Hattiesburg's African-American Military History Museum honored several Hattiesburg women who volunteered as chaperones and hostesses at the facility during World War II, when it was a USO for black soldiers stationed at Camp Shelby.
In a ceremony Thursday, Lucile Martin Jackson, Vermell Tart Jackson and Juanita Reed Johnson received service awards, flowers and other honors from city leaders and museum staff for their efforts to greet soldiers and make them feel welcome during their time at Shelby more than 70 years ago.
The event also served as the kick-off for Black History Month activities at the museum.
"(The volunteers') goal was to make sure the soldiers felt good and it was a distraction from them training at Camp Shelby during World War Two," said Latoya Norman, museum manager.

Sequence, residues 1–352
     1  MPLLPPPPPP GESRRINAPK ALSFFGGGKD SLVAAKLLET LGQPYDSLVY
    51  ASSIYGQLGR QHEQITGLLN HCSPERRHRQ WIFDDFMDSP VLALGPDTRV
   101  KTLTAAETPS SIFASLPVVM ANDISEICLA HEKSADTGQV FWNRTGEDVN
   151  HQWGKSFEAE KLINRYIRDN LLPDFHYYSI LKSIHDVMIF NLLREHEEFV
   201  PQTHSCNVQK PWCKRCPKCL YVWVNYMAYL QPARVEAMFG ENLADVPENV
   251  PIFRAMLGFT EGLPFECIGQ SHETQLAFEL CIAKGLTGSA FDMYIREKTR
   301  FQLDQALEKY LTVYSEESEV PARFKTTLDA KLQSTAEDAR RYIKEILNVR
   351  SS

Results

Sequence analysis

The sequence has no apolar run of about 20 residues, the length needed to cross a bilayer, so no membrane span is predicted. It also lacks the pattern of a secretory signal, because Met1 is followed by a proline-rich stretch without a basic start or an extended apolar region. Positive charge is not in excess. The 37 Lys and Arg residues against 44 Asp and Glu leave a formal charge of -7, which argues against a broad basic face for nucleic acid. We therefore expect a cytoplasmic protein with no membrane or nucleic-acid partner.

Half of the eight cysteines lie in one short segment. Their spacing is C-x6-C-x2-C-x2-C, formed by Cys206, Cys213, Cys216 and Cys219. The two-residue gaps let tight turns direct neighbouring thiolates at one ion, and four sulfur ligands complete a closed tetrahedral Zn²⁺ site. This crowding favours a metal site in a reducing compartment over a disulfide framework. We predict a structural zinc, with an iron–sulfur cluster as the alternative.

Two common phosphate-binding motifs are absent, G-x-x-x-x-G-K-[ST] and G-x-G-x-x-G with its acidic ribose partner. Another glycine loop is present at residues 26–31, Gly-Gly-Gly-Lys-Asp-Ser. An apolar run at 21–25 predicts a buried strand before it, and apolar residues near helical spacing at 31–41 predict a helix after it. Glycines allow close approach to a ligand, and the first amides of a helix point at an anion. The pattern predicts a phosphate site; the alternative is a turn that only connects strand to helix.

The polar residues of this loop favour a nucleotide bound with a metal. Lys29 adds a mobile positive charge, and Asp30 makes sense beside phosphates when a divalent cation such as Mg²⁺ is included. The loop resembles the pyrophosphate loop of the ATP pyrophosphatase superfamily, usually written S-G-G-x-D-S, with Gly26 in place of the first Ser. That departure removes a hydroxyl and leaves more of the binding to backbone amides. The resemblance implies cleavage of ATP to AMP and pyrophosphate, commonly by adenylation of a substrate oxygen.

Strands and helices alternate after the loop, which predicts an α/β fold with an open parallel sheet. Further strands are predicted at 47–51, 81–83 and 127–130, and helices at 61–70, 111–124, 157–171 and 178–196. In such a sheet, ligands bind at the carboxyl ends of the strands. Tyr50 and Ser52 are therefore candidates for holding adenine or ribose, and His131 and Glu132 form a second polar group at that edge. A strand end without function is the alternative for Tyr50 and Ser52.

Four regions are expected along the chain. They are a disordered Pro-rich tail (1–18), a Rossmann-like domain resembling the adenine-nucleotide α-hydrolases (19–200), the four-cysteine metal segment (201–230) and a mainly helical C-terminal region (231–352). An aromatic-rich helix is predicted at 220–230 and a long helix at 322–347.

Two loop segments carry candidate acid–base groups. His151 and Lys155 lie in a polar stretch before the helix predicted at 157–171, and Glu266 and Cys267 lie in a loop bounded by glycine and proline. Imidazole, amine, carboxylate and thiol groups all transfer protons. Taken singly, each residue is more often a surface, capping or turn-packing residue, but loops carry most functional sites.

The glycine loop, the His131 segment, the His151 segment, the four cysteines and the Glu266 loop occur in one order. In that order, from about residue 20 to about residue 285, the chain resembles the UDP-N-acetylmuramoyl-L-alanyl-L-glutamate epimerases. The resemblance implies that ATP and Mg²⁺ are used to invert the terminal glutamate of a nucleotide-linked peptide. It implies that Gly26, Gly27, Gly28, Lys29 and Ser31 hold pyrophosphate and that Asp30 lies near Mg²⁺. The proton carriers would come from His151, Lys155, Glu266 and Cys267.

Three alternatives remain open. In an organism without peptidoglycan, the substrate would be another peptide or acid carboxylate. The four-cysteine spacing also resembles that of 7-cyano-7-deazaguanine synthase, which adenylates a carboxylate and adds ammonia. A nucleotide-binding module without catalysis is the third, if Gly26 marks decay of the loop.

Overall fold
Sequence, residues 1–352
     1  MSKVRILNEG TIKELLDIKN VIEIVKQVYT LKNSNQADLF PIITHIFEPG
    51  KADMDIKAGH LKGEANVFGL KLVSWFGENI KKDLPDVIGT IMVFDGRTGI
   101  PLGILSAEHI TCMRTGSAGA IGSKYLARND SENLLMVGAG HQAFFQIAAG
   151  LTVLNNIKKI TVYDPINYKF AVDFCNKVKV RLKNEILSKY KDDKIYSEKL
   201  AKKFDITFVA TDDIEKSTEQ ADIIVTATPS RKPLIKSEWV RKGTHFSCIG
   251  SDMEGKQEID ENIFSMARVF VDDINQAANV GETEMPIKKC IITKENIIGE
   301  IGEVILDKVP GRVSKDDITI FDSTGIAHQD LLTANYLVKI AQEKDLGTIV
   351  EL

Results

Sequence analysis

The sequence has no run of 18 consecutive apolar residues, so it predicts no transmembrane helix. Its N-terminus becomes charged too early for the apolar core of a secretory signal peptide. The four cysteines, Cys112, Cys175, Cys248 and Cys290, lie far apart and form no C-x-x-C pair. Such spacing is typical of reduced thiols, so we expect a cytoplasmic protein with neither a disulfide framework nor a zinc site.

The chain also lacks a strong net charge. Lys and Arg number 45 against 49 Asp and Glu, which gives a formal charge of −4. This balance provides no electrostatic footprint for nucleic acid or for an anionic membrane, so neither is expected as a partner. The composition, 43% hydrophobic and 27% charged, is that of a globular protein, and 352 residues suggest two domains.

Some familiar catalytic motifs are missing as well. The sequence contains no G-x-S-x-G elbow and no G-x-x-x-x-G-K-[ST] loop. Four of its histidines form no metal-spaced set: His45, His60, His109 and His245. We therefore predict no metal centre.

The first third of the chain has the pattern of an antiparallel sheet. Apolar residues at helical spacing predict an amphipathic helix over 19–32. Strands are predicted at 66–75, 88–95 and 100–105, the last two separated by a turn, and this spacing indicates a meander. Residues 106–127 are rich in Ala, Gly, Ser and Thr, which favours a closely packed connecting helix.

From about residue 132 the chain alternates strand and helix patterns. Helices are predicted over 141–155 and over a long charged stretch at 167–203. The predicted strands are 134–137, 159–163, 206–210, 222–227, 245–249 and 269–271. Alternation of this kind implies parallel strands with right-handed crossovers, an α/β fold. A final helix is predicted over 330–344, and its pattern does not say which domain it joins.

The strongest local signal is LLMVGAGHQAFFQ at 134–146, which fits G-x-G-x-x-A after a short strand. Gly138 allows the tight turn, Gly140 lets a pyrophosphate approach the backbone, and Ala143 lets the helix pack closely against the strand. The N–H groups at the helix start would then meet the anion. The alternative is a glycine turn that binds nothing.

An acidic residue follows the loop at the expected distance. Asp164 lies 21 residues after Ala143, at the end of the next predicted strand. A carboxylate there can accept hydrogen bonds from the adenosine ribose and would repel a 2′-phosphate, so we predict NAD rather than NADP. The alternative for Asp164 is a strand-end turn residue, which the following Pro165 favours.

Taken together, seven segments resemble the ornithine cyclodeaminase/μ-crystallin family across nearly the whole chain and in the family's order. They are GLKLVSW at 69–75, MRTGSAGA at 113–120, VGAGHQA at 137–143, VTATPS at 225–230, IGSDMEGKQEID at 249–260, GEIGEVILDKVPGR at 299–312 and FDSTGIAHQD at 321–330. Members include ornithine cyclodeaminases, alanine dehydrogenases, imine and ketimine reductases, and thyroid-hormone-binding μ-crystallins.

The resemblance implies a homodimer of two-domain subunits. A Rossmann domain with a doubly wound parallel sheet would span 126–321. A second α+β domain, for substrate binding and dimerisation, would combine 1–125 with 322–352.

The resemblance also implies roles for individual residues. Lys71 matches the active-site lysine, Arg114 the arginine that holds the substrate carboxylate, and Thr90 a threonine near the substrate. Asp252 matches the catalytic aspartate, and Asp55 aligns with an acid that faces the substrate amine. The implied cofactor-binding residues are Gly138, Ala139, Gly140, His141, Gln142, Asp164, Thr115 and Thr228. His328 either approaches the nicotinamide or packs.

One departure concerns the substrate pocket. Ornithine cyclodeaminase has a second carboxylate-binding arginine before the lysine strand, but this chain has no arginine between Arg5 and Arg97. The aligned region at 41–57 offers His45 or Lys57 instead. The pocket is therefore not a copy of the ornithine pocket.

"I feel great, because you might not ever be recognized, and I'm thankful to be recognized," said Lucile Martin Jackson.
"I am so grateful. It was such as surprise and I didn't think at my age I'd be recognized," said Juanita Reed Johnson.
"We didn't realize how important it was (during the war), but later, it was a really good feeling to be able to do something to help (the soldiers)," said Vermell Tart Jackson.
A fourth volunteer, Mildred Hart, was also honored posthumously for her volunteer service during the war. Hart died just a few days ago.